Several months ago, when the state was talking about cutbacks in school funding for the coming year, the Cardiff School District indicated it might attempt to put to a vote the notion of a parcel tax of around $50 to $60 per parcel. Almost overnight, front-yard signs appeared all over the town, proclaiming “No New Cardiff School Tax.”
The campaign to stop discussion of the tax before it reached the ballot phase was led by the Cardiff Taxpayers Association. This group of community activists has, in recent years, helped to defeat ballot measures for a beach-sand tax and for allowing Encinitas' Ecke Poinsettia growers to turn their last remaining farm land into housing.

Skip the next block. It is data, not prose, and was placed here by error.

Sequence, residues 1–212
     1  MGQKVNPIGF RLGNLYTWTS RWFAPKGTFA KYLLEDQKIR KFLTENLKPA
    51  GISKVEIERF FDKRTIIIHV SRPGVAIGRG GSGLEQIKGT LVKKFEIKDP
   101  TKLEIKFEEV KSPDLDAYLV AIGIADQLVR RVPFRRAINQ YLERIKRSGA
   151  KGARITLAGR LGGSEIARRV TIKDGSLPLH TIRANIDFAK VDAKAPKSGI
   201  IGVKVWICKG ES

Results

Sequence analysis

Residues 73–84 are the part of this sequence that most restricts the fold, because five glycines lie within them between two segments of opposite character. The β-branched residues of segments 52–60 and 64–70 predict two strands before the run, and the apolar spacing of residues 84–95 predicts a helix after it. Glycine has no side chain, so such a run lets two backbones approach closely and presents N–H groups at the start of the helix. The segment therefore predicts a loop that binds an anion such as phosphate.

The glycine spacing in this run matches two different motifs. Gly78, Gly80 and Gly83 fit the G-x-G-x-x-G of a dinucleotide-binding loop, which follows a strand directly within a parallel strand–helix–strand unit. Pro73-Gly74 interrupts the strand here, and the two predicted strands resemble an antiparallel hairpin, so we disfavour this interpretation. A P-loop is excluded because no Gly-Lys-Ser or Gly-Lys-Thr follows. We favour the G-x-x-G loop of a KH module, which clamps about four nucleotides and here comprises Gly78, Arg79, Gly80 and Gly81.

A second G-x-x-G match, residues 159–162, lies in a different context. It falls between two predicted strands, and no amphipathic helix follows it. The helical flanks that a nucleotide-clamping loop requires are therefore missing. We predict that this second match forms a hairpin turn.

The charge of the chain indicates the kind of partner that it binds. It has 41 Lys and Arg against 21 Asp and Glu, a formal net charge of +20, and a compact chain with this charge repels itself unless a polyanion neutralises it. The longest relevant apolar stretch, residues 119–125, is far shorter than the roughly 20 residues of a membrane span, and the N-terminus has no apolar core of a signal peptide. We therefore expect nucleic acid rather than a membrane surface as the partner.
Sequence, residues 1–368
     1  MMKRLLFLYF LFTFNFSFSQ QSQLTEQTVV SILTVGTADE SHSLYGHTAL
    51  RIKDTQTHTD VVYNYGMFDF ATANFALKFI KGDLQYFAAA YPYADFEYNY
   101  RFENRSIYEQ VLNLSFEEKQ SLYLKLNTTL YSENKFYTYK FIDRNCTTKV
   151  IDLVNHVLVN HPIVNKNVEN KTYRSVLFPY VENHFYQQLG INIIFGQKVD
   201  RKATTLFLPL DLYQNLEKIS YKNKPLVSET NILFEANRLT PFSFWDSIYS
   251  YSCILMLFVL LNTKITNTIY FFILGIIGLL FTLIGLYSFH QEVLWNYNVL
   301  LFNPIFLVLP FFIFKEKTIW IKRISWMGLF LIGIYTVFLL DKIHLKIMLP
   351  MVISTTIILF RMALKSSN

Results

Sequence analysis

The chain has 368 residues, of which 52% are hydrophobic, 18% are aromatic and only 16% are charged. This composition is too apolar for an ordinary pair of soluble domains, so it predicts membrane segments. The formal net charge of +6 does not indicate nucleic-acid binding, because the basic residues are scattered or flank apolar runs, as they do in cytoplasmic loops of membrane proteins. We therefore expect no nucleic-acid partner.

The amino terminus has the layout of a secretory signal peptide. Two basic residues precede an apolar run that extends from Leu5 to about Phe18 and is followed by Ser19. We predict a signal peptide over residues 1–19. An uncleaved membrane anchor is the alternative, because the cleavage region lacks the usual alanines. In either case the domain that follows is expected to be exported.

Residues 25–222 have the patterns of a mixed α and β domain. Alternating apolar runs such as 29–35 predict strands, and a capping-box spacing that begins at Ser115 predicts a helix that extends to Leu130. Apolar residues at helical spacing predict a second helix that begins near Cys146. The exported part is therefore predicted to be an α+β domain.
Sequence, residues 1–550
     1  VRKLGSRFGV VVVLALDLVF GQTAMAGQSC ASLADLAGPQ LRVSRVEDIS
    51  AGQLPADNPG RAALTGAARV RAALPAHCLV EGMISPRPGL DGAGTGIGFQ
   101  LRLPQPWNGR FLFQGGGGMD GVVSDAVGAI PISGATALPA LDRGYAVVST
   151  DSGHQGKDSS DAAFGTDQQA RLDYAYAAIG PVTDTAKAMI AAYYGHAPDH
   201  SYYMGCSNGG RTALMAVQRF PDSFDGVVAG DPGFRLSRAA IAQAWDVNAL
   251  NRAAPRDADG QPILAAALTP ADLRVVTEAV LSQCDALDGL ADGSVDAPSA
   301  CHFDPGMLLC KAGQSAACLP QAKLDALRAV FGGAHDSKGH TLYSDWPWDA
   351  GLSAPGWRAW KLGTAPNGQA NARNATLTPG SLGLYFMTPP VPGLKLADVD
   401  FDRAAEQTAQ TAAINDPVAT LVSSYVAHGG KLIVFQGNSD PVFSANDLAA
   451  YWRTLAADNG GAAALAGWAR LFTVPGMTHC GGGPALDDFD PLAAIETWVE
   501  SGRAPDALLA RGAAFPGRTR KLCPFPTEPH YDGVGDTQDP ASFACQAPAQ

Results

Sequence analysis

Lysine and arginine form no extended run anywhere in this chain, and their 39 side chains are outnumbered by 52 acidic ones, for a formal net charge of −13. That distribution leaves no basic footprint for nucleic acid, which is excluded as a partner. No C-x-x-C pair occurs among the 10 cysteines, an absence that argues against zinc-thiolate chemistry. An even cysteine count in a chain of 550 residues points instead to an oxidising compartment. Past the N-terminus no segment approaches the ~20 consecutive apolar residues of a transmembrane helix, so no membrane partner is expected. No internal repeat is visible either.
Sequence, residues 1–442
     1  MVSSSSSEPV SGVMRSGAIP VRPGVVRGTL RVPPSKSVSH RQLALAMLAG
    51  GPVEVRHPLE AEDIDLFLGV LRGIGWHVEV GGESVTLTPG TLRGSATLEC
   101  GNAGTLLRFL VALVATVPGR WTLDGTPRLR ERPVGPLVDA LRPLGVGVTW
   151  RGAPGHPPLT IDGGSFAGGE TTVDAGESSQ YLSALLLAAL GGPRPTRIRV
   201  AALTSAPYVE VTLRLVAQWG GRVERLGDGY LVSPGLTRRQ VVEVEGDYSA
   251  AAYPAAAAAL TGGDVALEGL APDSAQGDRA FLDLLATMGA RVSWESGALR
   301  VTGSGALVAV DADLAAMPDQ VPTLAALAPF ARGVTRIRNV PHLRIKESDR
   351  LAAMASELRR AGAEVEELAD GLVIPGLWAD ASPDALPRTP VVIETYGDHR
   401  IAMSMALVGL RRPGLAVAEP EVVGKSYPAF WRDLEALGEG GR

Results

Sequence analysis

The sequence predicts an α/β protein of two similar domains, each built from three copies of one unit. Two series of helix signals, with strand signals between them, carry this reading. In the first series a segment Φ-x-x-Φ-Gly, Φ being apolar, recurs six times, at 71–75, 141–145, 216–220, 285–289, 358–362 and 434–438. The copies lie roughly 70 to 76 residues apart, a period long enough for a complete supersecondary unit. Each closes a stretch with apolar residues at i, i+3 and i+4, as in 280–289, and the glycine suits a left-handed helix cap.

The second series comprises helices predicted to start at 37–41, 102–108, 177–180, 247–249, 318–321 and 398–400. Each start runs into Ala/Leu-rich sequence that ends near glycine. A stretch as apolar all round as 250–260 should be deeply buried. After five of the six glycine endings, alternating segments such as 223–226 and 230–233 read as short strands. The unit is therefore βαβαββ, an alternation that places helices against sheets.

According to association member Bob Bonde, “[The school district is] putting the cart before the horse,” noting that local governments don’t know how much the state will withhold in the coming years. He said that most of the older lots in Cardiff’s ocean-view west side are actually two legal parcels, originally purchased as one lot; those homeowners would be taxed twice.
Bonde pointed out that for another 23 years, residents will be paying for a voter-approved school bond that built the new Ada Harris Elementary School and refurbished the 50-year-old Cardiff Elementary campus.
At the July’s school board meeting, residents opposed to the tax attended. At the board’s Wednesday, August 26, meeting, there was little discussion of the proposed tax.
“It’s a non-starter at this point,” said school superintendent Tom Pellegrino. The two-school district expects a revenue reduction of one million dollars during the next two years.
The author formerly served as president of the Cardiff Town Council